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saturday snippets

pinus succinifera is extinct yet his fossil resin or amber is still being found and used medicinally. amber necklaces are used to soothe teething babies. when amber is rubbed on clothing, it causes static electricity and can remove lint!

saturday snippets

pine trees are mainly found in the northern hemisphere but have been introduced to temperate portions of the southern hemisphere where they have become invasive.

saturday snippets

hardened pine resin has been used as an emergency dental filling. i pity the dentist who has to remove it!

saturday snippets

rosemary was used at funerals and religious ceremonies and was a traditional new year’s gift combined with a cloved orange. rosemary is such a versatile herb, isn’t she!

saturday snippets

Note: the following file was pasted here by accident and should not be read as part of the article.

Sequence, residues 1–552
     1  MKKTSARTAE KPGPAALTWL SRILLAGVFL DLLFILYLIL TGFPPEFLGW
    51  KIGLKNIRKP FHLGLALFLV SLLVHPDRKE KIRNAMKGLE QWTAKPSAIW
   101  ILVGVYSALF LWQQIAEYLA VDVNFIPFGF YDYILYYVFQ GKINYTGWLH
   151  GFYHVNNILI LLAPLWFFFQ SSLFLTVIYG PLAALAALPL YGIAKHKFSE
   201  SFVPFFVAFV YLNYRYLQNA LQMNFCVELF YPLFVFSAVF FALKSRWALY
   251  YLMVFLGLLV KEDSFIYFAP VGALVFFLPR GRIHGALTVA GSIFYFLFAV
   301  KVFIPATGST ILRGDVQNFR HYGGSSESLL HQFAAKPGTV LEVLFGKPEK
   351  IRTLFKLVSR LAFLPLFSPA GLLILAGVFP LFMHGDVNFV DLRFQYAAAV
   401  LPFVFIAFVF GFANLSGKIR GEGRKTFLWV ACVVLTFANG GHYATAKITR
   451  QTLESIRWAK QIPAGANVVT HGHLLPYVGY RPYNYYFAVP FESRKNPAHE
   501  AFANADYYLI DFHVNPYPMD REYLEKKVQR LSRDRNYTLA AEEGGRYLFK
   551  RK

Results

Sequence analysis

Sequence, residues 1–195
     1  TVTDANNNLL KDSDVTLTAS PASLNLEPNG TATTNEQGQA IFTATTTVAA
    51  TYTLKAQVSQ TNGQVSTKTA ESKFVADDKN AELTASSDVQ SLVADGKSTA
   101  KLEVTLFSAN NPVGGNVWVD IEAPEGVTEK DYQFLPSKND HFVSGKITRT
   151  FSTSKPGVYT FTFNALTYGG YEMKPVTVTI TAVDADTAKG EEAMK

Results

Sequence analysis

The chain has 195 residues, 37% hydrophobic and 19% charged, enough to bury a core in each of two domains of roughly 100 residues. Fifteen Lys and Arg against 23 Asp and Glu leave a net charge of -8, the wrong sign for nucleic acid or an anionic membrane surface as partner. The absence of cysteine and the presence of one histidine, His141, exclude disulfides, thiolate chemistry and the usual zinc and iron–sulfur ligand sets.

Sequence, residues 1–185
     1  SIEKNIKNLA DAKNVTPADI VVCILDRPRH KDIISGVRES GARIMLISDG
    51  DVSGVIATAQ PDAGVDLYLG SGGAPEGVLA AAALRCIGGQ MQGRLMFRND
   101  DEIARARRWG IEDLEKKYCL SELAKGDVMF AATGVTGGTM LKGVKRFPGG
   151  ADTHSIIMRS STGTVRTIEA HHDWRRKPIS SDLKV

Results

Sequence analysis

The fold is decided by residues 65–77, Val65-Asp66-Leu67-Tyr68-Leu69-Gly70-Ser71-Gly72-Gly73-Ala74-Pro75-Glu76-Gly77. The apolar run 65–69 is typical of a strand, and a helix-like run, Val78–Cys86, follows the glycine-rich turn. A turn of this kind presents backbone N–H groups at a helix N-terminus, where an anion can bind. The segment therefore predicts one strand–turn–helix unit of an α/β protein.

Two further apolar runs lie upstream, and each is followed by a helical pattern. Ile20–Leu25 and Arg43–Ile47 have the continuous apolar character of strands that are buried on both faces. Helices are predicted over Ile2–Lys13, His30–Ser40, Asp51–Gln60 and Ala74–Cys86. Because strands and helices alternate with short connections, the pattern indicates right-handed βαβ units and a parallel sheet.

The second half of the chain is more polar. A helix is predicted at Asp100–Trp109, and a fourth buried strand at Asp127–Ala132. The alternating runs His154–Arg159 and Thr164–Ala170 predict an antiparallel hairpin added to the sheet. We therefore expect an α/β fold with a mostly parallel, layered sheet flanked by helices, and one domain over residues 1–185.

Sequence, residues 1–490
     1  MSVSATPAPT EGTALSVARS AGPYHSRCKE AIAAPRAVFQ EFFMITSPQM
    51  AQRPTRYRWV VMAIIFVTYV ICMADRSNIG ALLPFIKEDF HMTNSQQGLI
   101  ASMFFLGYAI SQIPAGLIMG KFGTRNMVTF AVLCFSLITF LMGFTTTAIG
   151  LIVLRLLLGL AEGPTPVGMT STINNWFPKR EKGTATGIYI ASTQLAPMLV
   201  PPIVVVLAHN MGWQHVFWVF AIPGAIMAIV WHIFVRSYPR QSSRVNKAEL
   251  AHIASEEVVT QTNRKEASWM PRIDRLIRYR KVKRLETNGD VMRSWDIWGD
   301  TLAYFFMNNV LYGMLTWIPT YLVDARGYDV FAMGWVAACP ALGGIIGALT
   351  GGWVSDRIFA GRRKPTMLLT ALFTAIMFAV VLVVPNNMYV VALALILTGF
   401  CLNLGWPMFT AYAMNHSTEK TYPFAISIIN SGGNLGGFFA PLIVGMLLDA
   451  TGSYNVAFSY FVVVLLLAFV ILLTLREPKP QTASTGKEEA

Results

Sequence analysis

did you know?! it takes 100 pounds of flowering rosemary tops to make 8 ounces of rosemary essential oil! that’s a lot of herb.

saturday snippets

in early times, rosemary was freely cultivated in kitchen gardens and came to represent the dominant influence of the house mistress: “where rosemary flourished, the woman ruled.”

saturday snippets

historically, rosemary was woven into a wreath that was worn by the bride. a rosemary branch decorated with silken threads was presented to wedding guests as a symbol of love and loyalty.

saturday snippets

lemon balm’s botanical name ‘melissa’ is derived from a greek word meaning bee.

saturday snippets

the london dispensary (1696) says: ‘an essence of balm, given in canary wine, every morning will renew youth, strengthen the brain, relieve languishing nature and prevent baldness.’

saturday snippets

lemon balm’s leaves contain very little essential oil. however, growing her in extremely hot and dry conditions can increase the amount of oil to 2-3 times higher than normal.

saturday snippets

one of the earliest medicinal herbs, paracelsus called lemon balm the ‘elixir of life.’